Webinars and E-learning – Making Good Use of Free Resources on the Internet
As with the many other Internet-related words that we’ve acquired in recent years – blog, tweet, to Google – there is another word, webinar, which has also come into common usage.
Article by: Lisa Stewart
As with the many other Internet-related words that we’ve acquired in recent years – blog, tweet, to Google – there is another word, webinar, which has also come into common usage. As its name suggests, a webinar is a seminar, or other live-stream educational or professional event, which one can participate in from afar via the World Wide Web.
Webinars are more than simply wonderful learning resources, they’re also a great way to spend an hour hearing different speakers give presentations or lead discussions on various topics. There are even online conferences which may take place over several days and include talks by a range of presenters, Google hangout sessions, etc. Such events are a great way to feel part of a learning community, much like online courses, but they are shorter in duration and are usually very focused.
As a webinar enthusiast, I’ve put together some “tips” or things you might want to keep in mind when participating in such events:
1) Search for an upcoming event. It’s easy to find webinars by simply searching for something like, “webinar January 26, 2015” or “free webinar January 2015 agriculture”;
2) Register for the event and then make sure you receive a confirmation e-mail. It’s worth keeping it handy or marking it in some way to remind yourself, as it will include the link you will use to join the event;
3) Be sure to mark your own calendar and also make note of any time differences! Most organizers will send a reminder e-mail the week or day of the event, so if you accidentally delete your confirmation e-mail, this will help you when it comes time to log in;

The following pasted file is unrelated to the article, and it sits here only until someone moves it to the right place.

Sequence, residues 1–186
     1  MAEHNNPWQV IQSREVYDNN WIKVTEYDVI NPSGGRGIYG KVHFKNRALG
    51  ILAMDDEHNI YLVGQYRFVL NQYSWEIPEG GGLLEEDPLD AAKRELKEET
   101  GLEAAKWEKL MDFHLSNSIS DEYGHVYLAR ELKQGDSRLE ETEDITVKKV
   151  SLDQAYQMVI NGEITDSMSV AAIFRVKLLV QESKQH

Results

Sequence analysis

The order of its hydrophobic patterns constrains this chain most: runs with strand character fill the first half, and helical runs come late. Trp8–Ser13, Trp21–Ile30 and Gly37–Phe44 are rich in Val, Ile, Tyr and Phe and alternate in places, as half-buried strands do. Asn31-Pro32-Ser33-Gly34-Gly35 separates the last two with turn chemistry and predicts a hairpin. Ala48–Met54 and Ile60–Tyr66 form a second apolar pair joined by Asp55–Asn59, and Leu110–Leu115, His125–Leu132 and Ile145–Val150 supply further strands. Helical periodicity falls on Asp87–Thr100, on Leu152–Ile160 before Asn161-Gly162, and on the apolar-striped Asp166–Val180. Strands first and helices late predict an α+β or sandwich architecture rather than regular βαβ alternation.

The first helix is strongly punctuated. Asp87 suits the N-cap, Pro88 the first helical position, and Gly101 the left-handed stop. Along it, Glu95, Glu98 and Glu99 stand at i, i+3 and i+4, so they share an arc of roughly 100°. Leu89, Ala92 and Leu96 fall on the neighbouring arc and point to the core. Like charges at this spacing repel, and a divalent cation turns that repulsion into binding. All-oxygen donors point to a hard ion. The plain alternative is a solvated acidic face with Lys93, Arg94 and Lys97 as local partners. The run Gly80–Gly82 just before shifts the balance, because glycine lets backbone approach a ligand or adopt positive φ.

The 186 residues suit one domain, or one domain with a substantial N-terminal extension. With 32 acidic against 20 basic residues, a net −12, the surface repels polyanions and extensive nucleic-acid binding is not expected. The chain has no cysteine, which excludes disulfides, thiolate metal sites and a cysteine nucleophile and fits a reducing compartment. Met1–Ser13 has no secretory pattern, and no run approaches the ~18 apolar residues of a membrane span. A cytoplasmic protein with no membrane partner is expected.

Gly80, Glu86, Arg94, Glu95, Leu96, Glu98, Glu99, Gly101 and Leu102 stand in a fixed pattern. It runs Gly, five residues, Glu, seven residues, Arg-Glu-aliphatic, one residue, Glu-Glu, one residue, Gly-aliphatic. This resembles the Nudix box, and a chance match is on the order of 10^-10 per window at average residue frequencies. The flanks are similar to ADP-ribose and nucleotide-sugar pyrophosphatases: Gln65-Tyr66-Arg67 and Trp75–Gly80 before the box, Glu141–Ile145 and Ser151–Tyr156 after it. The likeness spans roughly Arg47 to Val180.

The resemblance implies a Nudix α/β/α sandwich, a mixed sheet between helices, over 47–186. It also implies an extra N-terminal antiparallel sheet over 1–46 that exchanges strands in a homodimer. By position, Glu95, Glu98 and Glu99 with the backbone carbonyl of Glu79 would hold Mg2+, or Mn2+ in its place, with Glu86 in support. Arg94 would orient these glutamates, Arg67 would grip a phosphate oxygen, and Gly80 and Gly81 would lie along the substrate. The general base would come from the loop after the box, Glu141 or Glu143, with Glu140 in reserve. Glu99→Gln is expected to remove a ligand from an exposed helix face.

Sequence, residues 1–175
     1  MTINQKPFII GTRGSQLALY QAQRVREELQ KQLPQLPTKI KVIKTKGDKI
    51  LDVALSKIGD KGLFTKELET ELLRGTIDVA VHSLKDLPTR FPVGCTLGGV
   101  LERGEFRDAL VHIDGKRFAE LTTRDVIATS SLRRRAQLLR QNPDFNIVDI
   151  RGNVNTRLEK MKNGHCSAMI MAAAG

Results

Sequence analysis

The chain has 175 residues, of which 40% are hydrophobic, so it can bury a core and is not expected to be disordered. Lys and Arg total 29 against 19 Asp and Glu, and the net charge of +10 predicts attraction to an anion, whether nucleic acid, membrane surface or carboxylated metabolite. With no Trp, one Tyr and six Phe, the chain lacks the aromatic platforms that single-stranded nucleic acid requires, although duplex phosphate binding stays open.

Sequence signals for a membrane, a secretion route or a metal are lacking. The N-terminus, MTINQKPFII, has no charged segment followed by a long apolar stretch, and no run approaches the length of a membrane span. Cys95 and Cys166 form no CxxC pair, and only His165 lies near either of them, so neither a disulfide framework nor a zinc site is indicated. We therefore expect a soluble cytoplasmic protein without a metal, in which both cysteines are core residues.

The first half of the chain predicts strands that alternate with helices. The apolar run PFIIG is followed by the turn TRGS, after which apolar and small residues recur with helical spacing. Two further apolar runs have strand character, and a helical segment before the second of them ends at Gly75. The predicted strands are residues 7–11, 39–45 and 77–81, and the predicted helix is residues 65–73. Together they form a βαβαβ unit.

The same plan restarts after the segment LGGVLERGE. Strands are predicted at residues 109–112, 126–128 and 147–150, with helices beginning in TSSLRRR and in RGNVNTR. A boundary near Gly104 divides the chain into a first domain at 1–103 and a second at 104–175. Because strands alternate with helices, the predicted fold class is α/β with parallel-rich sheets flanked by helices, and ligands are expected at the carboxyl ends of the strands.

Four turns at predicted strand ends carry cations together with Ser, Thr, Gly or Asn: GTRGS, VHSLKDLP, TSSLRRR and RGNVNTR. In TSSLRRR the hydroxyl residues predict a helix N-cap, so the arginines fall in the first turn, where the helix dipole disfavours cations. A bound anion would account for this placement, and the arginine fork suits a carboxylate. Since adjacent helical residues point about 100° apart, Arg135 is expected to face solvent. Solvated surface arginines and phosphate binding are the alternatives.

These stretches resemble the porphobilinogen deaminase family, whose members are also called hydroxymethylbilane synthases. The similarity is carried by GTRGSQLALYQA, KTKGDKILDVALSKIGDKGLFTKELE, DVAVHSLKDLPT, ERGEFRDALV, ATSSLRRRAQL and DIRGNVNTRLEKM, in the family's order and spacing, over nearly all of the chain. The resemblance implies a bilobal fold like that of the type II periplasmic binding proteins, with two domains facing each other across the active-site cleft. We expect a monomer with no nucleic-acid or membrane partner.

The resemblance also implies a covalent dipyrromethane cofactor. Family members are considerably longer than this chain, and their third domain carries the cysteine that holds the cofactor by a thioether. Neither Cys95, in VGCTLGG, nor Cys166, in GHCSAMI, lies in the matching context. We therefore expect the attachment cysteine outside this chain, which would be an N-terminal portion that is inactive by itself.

4) You might want to read up a bit on the organization hosting the event, the topics to be discussed or who will be presenting. You can also think of questions you might like to ask during the session;
5) Log in at least 10-15 minutes before the event is set to start. This will give you time to familiarize yourself with the platform, test that the audio and visual components are working well and even extend greetings from your country!
6) It’s good practice to use the name you initially gave when registering. Some log-in screens ask you to sign as you’d like to be addressed, so nicknames might be acceptable in some cases. Once, I accidentally signed in as “L”, and it sounded kind of silly to hear the presenter having to address me with something like, “That’s a nice point, L”! I should have just typed my name in the chat box to correct my error! Anyway, if you’re participating in an event that relates directly to your area of study or professional field, it might also be nice to include the name of your college or university, work affiliation or profession in brackets. Some organizers even encourage this in advance;
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